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Football: WHO Europe calls for better monitoring of Euro spectators

Football: WHO Europe calls for better monitoring of Euro spectators

Fans leave Wembley stadium following the Euro 2020 round of 16 match between England and Germany at the 4TheFans fan zone outside Wembley Stadium, in London, Jun 29, 2021. (File photo: Zac Goodwin/PA via AP)

COPENHAGEN: Host cities of Euro 2020 football matches need to better monitor the movement of spectators, including before they arrive and after they leave the stadiums, the World Health Organization (WHO) said on Thursday (Jul 1).

"We need to look much beyond just the stadia themselves," Catherine Smallwood, Senior Emergency Officer at WHO's European office, told a press conference when asked about recommendations in the face of rising cases in London and Saint Petersburg.

The British capital is due to host the semi-finals and final of the tournament next week, while the Russian city will host the quarter-final between Switzerland and Spain on Friday.

READ: Russia posts record COVID-19 deaths for third day running

Asked about whether the Euro championship was potentially acting as a "super spreader" event, WHO regional director for Europe Hans Kluge replied: "I hope not ... but this can't be excluded."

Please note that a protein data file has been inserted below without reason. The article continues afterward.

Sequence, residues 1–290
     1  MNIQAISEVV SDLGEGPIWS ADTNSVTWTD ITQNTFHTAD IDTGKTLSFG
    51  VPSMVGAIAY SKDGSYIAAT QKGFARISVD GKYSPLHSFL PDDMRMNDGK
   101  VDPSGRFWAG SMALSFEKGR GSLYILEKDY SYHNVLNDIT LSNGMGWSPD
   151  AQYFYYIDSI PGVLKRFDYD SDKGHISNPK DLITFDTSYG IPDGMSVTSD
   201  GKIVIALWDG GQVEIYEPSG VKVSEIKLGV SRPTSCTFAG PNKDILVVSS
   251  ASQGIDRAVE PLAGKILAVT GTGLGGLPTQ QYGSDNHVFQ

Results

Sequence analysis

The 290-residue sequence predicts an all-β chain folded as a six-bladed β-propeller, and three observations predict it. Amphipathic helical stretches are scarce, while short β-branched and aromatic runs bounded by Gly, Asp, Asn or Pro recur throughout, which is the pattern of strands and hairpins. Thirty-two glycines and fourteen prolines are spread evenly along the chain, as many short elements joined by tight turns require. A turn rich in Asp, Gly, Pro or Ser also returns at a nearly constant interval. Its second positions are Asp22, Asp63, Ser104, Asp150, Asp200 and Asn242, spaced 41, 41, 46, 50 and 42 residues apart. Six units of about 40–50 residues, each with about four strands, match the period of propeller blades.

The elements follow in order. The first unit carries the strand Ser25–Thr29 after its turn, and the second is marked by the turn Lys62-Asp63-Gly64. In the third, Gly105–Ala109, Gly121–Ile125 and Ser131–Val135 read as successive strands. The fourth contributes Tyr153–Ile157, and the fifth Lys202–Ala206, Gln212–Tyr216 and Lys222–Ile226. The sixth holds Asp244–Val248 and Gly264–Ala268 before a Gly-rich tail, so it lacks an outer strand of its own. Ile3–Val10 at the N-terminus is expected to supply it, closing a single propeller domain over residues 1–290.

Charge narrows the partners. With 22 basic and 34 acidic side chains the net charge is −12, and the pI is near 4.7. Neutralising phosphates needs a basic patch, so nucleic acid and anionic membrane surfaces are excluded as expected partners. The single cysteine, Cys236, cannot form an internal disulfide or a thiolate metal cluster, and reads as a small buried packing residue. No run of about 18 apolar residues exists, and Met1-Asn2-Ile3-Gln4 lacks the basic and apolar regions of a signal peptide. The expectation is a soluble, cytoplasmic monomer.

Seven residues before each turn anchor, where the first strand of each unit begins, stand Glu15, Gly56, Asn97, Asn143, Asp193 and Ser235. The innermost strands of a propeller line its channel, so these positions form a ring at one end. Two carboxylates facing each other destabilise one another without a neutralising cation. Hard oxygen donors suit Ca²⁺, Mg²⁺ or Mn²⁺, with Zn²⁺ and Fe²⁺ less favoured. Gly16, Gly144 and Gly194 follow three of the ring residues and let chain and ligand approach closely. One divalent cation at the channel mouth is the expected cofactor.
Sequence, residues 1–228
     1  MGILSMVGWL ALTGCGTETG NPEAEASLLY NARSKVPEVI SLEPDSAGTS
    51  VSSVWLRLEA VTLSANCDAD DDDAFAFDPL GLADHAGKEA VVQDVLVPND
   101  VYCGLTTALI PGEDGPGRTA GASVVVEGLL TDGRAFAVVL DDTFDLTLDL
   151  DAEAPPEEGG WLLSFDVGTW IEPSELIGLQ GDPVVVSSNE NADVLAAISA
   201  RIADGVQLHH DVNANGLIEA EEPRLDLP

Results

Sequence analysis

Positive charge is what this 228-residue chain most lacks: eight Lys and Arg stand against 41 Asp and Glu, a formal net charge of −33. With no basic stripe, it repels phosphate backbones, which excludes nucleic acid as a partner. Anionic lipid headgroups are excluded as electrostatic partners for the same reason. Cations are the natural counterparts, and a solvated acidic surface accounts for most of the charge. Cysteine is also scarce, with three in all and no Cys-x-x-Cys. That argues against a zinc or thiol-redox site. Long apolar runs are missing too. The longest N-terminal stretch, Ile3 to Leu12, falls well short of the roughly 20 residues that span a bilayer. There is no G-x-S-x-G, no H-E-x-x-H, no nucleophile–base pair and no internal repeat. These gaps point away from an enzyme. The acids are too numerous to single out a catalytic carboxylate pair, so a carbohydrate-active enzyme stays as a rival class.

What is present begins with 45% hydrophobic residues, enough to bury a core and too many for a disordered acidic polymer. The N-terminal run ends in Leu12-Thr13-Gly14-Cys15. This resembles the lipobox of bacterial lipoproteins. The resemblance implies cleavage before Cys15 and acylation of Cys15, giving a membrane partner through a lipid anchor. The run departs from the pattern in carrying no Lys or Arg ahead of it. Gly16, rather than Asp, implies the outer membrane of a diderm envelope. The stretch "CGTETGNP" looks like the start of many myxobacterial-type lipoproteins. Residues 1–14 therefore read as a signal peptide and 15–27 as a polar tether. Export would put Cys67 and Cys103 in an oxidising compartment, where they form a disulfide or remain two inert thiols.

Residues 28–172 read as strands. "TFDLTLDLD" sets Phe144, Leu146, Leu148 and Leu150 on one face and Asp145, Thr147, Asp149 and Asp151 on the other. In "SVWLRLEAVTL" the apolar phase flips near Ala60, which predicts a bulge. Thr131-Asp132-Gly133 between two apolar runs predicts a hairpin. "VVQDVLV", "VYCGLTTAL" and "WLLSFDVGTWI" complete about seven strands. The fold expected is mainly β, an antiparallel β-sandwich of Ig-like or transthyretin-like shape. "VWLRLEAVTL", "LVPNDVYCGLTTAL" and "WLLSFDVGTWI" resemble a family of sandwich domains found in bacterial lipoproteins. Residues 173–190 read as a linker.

Hundreds of cases have been detected among spectators attending Euro matches, including Scots returning from London, Finns returning from Saint Petersburg and carriers of the more contagious Delta variant in Copenhagen.

"What we need to look at is around the stadia. How are people getting there? Are they travelling in large crowded convoys of buses? Are they taking individual measures when they are doing that?" Smallwood said.

READ: COVID-19 cases in Europe up again after 10 weeks of decline - WHO Europe

She added that it was also important to look at what was happening after the games, for instance if fans gathered in crowded bars.

"Should this mixing happen, there will be cases," she said.

The UN organisation also called for vigilance around all major summer gatherings, not just around football games.

"What we know is that in a context of increasing transmission, large mass gatherings can act as amplifiers in terms of transmission," Smallwood said.

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Source: AFP/dv


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